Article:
Terminology, stereotypes and aggressive dynamics in the accident and emergency department
Ferns, Terry (2005) Terminology, stereotypes and aggressive dynamics in the accident and emergency department. Accident and Emergency Nursing, 13 (4). pp. 238-246. ISSN 0965-2302 (doi:10.1016/j.aaen.2005.07.003)Full text not available from this repository.
There is a perception that violence against staff practising in accident and emergency (A&E) departments is increasing [Fernandes, C.M.B., Bouthillette, F., Raboud, J.M., Bullock, L., Moore, C.F., Christenson, J.M., Grafstein, E., Rae, S., Ouellet, L., Gillrie, C., Way, M., 1999. Violence in the emergency department: a survey of health care workers, Canadian Medical Association Journal 11, 1–6; Jenkins, M.G., Rocke, L.G., McNicholl, B.P., Hughes, D.M., 1998. Violence and verbal abuse against staff in the A and E departments: a survey of consultants in the United Kingdom and Republic of Ireland, Journal of Accident and Emergency Medicine 15, 262–265; Rose, M., 1997. A survey of violence towards nursing staff in one large Irish Accident and Emergency department, Journal of Emergency Nursing 23(3), 214–219]. This paper discusses traditional stereotypes of the violent A&E client by critiquing the current literature. The paper then goes on to question whether some health care professionals themselves are contributing to a climate of fear and the development of conflict.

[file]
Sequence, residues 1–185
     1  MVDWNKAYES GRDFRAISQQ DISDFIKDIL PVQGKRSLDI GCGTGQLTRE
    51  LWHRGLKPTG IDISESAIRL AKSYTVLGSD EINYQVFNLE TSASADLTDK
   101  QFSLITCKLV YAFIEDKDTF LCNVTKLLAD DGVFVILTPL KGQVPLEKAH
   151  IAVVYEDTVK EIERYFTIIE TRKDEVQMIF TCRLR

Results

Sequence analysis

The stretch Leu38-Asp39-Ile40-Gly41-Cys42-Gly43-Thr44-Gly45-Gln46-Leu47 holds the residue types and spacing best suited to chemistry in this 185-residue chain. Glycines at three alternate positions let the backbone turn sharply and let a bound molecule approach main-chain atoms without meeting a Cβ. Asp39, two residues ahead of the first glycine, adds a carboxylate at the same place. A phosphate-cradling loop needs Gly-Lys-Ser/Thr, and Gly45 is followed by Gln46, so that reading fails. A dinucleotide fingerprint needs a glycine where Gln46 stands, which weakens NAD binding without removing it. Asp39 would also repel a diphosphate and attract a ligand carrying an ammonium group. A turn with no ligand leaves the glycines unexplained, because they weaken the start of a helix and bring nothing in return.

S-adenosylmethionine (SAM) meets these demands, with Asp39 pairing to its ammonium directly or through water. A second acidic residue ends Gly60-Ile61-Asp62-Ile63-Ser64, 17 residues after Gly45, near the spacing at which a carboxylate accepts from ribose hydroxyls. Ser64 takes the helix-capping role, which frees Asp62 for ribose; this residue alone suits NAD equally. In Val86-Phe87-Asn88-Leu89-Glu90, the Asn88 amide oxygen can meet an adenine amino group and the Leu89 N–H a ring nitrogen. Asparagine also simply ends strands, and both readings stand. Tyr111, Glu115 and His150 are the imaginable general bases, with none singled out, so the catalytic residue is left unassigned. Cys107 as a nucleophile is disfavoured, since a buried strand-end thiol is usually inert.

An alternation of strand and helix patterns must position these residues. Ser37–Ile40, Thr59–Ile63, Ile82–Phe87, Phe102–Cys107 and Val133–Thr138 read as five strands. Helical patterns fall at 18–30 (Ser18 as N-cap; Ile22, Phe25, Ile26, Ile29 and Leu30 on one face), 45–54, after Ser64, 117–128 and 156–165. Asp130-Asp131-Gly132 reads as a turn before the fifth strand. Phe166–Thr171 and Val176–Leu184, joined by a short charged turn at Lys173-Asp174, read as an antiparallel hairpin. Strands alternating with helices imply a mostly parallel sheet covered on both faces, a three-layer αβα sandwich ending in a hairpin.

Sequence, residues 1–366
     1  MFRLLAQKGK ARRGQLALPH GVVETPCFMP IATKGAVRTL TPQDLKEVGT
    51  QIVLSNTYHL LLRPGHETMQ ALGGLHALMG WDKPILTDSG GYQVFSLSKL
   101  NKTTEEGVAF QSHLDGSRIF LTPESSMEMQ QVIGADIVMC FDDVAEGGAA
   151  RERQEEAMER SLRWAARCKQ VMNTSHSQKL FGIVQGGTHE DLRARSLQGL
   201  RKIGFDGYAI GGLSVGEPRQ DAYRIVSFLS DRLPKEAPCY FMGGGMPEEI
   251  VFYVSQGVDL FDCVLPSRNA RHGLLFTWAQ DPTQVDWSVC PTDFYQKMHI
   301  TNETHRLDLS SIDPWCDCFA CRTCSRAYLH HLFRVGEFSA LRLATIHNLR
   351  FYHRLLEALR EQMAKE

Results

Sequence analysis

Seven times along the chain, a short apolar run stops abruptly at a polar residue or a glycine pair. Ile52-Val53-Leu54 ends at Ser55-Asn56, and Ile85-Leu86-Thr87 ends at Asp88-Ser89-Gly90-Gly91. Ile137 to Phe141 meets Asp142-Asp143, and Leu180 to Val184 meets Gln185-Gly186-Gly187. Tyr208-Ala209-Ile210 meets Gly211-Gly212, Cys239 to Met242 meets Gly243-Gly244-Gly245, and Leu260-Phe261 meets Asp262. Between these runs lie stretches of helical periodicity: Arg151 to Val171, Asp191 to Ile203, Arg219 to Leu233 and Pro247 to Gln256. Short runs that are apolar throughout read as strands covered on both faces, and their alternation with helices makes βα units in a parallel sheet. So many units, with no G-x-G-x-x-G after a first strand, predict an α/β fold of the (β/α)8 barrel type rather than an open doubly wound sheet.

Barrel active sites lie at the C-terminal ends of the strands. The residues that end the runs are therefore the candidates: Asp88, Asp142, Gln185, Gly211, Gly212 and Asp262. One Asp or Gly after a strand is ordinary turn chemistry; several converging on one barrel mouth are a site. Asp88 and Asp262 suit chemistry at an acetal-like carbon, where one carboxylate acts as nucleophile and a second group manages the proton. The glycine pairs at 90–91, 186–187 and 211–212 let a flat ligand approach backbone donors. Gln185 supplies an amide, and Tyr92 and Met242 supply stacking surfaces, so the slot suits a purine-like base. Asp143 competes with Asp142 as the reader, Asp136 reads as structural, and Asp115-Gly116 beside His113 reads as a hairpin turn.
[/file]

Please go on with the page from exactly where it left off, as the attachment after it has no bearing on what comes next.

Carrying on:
|Additional Information:||Accident and Emergency Nursing, renamed International Emergency Nursing from 2007.|
|Uncontrolled Keywords:||violence, aggression, demographic data, stereotyping|
|Subjects:||R Medicine > RT Nursing|
|School / Department / Research Groups:||School of Health & Social Care
Faculty of Education & Health > School of Health & Social Care
School of Health & Social Care > Department of Acute & Continuing Care
Faculty of Education & Health > School of Health & Social Care > Department of Acute & Continuing Care
|Last Modified:||11 Jan 2011 11:55|
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